Official figures show that the country exports back 95% of primary products. On the other hand, he regularly receives 70% of manufactured products and 25% of basic necessities. These terrible figures have led to a dozen measures aimed a priori at reducing this dependence. There is in particular the transformation of locally produced raw materials for which the import bill for finished products is high.
Engaged in the African Continental Free Trade Area (AfCFTA), the DRC will not be able to take full advantage of it for commercial purposes unless measures are taken to reverse the trend of import dependence, experts warn. Recently, the government through the Ministry of Foreign Trade discussed corrective measures. Overall, the idea is to achieve the following improvements: increase in domestic supply, job creation, increase in national income, reduce poverty, improve the supply of foreign exchange, guarantee stability the foreign exchange market, etc.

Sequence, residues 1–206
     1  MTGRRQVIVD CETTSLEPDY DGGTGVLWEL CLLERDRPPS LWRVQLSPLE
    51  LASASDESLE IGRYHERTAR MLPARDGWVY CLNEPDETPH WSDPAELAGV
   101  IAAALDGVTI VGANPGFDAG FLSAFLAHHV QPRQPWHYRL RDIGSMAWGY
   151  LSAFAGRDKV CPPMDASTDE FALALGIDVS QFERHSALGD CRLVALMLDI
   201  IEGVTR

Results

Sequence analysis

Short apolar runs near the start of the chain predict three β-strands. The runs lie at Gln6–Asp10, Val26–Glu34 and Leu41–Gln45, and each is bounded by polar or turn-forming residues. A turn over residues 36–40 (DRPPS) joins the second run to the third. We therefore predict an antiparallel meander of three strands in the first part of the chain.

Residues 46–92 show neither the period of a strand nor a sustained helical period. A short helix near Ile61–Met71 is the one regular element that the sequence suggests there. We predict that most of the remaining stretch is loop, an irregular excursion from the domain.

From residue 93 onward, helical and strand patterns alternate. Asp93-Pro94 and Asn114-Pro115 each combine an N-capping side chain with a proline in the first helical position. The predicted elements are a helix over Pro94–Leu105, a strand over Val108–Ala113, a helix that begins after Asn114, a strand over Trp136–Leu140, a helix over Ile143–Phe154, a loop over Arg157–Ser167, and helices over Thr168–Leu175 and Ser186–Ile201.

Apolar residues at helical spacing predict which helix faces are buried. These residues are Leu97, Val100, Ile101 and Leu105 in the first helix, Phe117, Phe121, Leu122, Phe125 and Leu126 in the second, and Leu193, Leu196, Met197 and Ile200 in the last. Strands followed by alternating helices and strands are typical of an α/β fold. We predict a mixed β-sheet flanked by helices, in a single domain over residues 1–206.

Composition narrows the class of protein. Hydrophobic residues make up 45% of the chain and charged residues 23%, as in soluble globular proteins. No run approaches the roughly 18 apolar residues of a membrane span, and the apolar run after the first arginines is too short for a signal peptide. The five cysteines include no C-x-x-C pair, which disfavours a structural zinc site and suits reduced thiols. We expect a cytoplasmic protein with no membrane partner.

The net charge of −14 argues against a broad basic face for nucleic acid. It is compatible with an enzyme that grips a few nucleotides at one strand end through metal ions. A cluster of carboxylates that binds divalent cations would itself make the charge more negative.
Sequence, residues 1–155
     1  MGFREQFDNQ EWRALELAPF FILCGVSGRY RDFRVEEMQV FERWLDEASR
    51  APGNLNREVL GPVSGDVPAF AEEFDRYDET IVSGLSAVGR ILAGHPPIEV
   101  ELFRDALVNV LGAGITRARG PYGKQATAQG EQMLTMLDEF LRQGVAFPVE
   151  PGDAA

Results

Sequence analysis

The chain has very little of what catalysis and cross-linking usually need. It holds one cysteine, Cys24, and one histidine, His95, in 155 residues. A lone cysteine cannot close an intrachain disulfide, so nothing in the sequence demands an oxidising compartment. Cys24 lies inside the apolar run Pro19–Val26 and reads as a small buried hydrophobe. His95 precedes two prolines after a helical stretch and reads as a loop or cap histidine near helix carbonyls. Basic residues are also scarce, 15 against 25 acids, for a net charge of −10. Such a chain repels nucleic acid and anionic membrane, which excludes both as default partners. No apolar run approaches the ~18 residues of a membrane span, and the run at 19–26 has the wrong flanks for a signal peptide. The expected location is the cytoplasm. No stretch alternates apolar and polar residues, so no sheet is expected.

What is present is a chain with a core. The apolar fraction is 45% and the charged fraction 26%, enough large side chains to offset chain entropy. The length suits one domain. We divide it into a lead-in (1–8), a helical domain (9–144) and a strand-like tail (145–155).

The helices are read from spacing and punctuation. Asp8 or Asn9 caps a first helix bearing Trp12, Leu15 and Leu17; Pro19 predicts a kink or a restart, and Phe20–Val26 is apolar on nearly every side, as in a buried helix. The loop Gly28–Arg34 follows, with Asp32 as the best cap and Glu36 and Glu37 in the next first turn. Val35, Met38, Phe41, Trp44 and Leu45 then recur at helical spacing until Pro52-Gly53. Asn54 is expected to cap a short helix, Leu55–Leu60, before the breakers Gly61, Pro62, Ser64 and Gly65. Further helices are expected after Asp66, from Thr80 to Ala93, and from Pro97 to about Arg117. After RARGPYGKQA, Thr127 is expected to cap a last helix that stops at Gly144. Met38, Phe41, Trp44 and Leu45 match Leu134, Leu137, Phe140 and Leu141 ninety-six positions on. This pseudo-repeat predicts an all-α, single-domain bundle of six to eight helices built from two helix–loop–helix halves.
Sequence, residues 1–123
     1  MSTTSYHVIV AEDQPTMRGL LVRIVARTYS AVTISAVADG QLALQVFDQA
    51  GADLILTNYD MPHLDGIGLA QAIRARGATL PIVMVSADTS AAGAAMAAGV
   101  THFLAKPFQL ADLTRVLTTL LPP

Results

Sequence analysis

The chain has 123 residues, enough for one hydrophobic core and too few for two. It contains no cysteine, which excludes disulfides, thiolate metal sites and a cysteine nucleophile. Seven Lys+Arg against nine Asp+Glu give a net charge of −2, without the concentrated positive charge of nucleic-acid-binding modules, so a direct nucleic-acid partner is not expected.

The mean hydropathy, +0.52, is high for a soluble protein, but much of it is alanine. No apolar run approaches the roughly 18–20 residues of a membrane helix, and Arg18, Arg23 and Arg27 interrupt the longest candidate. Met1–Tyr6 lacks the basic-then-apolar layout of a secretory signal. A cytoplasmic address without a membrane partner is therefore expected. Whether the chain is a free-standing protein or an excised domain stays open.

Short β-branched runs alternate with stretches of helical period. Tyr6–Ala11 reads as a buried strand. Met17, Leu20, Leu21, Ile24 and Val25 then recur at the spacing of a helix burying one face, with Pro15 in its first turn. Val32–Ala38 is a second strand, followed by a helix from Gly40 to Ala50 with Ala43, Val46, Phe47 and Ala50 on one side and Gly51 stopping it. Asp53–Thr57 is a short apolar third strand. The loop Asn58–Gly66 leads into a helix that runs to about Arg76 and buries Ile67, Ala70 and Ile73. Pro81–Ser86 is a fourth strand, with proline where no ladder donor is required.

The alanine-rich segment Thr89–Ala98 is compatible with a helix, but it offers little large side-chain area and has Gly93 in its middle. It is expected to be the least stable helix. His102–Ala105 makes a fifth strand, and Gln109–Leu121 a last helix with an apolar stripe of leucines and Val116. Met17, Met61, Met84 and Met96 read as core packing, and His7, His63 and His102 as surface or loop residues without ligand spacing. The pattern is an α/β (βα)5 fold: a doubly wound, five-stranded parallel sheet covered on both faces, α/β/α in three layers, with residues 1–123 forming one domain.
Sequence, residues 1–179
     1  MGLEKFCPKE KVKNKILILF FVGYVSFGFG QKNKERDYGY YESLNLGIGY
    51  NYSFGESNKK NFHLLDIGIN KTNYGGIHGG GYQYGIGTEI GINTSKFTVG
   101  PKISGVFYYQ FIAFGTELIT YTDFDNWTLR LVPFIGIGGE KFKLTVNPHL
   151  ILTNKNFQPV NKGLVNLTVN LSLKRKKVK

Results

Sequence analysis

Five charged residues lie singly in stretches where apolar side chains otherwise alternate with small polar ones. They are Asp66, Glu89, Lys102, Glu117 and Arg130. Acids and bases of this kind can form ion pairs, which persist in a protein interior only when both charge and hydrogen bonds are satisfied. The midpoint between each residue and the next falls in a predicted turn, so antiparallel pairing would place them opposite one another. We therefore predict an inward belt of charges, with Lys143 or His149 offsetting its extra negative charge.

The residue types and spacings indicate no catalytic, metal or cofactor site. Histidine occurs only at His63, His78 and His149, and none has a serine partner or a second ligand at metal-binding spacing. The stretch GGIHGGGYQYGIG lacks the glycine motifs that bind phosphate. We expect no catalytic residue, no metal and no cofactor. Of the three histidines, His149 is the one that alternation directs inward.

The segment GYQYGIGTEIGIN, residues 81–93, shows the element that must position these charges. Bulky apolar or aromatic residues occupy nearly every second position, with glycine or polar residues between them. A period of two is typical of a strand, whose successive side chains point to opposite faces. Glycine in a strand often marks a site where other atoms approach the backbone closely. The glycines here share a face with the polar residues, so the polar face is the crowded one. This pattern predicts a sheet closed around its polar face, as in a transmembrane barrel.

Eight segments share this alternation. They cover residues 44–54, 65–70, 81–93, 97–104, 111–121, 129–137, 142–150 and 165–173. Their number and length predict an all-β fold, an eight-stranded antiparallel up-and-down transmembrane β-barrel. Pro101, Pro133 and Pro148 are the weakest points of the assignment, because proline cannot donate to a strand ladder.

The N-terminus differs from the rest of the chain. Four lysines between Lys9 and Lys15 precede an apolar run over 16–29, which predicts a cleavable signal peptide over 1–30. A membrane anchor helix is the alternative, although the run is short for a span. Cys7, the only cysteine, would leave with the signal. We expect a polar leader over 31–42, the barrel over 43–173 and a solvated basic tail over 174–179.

By referring to government projections, we hope to reduce the import bill fairly quickly in the short to medium term. Other effects are expected in the same timeframe, including better protection of local industry and the creation of new industries in strategic sectors. For the boss of foreign trade, the local industry has been threatened for several years by massive imports of similar products.
To come back to these measures, we said earlier that there are eleven. In fact, they are organized around at least six axes targeted after debates and deliberations in the Council of Ministers. There has been an effort to target sectors with comparative advantages. In addition, it should also be noted the establishment of an import-substitution policy in certain sectors, with regard to industrial development in the field of vehicle assembly in the DRC as well as the manufacture of pharmaceutical products.
It is now a question of promoting public-private partnership. Finally, and this was eagerly awaited, the government took measures to protect the trade of local production. The country intends to protect certain local products, such as gray cement, beers and soft drinks, clinkers, brown sugars, iron bars and palm oil.
To fight against superfluous imports, the government has decided to play both on the quota policy and the increase in customs duties. In the viewfinder are products like flavored water, rolled tobacco, manufactured homes, used clothes and fake hair.